Both crime and deviance are violations of social norms (scn.org). There are many theories to explain why people commit crime, but to explain crime as a social construct the theories of Emile Durkheim, Robert Merton and Howard Becker are closely related. Emile Durkheim’s theory of anomie was introduced in his book “The
DESCRIBE AND CRITICALLY EVALUATE ANY BIOLOGICAL THEORY OF VIOLENCE/HOMICIDE One of the main problems faced by criminologists is explaining why certain individuals commit crime and especially violent crime. Biological theories focus on the individual offender, positing an inherent predisposition towards criminality. Theories based on individual positivism fell out of favour in the early 20th century but have seen something of a resurgence in recent years due to the advances in genetics and this essay will explore whether there is a genetic contribution to crime through looking at twin studies. Twin studies involve the comparison of criminality among monozygotic (MZ) or identical twins and dizygotic (DZ) or non identical twins (Brookman, 2005). ‘Whereas MZ twins are identical in hereditary endowment, DZ twins are no more alike genetically than common siblings’ (Dolgard and Kringlen, 1976, p.213).
Eysenck has conducted personality and genetic studies which support his theory., criminals and non-criminals were compared and crimples were found to score more highly on the P and N scale. Murray supports this stating that the main cause of crime is lack of intelligence which is a biologically predetermine factor, however Lilly et al states that IQ different account for less than 3% of differences in offenders. Furthermore Eysenck’s theory only explains spontaneous crime such as joyriding and not crime which is predetermined such as serial killers who many plan their kills in advance. Right realists also believe that offending is more likely due to inadequate socialisation. 70% of young offender come from lone parent families.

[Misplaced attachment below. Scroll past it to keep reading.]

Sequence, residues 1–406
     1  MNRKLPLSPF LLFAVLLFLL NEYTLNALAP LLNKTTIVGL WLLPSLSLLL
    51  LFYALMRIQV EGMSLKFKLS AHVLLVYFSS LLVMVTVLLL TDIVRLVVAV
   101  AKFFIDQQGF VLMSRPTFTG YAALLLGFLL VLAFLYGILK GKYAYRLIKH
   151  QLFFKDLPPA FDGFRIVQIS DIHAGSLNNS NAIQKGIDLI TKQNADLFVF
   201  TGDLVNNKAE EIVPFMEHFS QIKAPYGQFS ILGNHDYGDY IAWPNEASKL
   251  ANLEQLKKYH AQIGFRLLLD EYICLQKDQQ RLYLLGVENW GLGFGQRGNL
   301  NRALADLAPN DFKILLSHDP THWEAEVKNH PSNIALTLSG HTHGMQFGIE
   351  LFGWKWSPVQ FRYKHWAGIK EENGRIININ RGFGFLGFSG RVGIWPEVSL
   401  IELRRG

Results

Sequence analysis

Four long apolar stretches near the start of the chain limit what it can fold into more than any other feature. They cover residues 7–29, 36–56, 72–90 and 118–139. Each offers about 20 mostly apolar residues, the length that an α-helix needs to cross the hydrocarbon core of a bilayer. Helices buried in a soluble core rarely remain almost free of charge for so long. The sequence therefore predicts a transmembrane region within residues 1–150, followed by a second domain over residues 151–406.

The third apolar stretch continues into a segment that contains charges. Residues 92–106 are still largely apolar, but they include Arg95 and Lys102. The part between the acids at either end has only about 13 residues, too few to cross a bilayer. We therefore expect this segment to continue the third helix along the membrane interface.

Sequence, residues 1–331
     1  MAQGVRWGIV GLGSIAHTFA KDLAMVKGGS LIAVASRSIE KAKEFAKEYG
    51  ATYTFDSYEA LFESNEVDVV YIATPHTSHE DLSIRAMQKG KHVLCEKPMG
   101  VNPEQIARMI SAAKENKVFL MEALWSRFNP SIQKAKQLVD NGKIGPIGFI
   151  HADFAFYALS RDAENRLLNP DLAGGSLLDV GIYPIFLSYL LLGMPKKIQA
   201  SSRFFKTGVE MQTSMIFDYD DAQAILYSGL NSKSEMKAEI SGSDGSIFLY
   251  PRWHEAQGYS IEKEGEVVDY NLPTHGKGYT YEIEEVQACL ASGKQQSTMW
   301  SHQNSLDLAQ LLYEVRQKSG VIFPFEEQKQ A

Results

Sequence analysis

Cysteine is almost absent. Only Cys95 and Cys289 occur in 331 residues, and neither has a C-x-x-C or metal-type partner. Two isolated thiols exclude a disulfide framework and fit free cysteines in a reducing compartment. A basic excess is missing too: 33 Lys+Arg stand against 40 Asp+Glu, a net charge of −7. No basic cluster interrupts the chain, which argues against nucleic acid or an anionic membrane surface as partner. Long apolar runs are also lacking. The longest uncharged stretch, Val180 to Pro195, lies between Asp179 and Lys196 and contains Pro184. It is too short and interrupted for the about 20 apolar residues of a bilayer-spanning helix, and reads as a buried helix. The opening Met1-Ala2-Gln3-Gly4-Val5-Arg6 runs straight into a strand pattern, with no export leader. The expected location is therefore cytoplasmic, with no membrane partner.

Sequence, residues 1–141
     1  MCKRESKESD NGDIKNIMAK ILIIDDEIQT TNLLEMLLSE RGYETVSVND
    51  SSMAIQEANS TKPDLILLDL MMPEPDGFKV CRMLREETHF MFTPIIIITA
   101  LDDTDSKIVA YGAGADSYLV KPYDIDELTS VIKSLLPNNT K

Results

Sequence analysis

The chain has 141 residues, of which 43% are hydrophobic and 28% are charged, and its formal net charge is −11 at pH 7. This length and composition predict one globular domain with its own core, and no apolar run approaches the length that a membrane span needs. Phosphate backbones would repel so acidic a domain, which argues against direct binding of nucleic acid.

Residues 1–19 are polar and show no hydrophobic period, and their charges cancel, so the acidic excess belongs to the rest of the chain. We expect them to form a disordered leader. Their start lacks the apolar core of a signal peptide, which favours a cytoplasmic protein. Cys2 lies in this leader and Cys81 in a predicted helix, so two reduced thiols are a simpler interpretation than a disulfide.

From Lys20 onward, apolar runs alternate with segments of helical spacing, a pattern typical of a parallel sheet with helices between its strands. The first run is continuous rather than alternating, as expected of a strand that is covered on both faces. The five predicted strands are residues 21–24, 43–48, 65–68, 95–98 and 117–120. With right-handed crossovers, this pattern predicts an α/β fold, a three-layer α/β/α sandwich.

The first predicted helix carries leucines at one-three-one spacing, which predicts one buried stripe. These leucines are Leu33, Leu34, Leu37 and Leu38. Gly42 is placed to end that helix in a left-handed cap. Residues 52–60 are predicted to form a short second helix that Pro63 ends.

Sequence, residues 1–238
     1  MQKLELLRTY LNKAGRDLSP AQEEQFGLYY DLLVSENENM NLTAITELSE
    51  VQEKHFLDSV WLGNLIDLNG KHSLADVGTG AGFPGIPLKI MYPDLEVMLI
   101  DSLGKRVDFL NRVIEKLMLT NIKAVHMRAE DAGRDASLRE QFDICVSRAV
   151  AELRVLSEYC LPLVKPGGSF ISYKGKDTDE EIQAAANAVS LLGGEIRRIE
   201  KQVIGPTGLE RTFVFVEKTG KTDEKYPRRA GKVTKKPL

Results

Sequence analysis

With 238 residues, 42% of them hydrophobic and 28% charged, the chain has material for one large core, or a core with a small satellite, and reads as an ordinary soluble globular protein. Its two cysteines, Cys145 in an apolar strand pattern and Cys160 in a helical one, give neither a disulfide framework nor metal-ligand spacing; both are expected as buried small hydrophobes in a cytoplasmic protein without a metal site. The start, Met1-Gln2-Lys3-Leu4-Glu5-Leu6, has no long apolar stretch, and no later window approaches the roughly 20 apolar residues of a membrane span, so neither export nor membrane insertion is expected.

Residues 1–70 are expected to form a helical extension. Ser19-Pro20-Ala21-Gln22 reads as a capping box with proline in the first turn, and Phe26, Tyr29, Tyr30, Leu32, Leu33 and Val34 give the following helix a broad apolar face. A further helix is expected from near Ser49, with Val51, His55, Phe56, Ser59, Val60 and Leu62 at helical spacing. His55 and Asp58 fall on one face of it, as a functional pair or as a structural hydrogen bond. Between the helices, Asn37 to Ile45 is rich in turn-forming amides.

Durkheim conducted research; he compared suicide rates from different countries and highlighted an individual suicide rate for each country and then validated that the rate was created on the basis of statics to certain groups, i.e. sex, age, religious beliefs. He used official statistics in order to present through a functionalist theory which sociology could add to an understanding of suicide. Although Durkheim conducted a well-known research there are many limitations when using official statistics. This is evident in Durkheim’s work as he was interested in the relationship between both suicide and religion.
Suicide rates are higher in the divorced and widowed than in single people, who in turn have higher suicide rates than married people. This protective effect of marriage on suicide is stronger for men than for women, although it is found for both men and women (Gove 1972). The strong association of divorce with suicide is found at the societal level as well as at the individual level. For example, nations with higher divorce rates have higher suicide rates, U.S. states with higher divorce rates have higher suicide rates and, within nations, years with higher divorce rates have higher suicide rates. This association is probably the most robust association found in suicidology.